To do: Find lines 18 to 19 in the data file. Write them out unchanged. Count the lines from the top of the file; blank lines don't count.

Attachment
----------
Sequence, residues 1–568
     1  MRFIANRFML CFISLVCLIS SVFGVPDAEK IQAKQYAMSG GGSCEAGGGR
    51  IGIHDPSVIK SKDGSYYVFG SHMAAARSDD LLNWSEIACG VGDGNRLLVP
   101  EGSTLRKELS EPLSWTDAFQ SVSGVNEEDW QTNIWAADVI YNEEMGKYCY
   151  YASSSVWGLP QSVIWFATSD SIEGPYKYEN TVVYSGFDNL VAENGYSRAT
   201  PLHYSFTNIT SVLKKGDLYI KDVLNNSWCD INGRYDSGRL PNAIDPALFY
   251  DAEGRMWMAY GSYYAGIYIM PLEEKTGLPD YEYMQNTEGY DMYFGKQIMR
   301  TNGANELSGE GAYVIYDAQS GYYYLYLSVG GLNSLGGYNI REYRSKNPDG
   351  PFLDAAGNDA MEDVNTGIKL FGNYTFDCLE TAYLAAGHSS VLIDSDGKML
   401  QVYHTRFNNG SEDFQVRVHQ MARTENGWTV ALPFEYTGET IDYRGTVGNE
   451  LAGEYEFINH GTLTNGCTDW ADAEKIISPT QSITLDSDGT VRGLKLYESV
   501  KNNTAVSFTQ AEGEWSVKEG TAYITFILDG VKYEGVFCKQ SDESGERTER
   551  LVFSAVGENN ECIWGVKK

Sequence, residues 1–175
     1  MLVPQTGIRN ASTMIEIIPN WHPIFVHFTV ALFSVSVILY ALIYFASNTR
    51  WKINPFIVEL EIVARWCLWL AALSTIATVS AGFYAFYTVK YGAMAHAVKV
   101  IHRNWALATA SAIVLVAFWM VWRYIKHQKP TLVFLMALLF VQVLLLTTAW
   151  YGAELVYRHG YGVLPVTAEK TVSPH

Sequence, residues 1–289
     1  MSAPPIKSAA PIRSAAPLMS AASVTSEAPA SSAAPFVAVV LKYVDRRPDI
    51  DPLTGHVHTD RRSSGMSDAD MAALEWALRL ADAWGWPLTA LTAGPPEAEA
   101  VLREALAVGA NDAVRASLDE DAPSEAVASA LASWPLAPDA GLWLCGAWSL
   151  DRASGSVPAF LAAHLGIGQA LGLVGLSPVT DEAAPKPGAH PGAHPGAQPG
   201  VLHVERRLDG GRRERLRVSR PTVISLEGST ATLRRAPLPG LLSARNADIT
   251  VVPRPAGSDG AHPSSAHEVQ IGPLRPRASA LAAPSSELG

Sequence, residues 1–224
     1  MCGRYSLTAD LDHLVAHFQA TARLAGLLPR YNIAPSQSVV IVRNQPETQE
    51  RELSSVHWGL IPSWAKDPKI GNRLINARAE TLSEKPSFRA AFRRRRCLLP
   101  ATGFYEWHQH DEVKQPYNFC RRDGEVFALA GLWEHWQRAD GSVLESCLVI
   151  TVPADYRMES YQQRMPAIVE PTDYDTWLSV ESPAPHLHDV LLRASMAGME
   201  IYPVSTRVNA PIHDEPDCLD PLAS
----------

   151  YGAELVYRHG YGVLPVTAEK TVSPH

Sequence, residues 1–289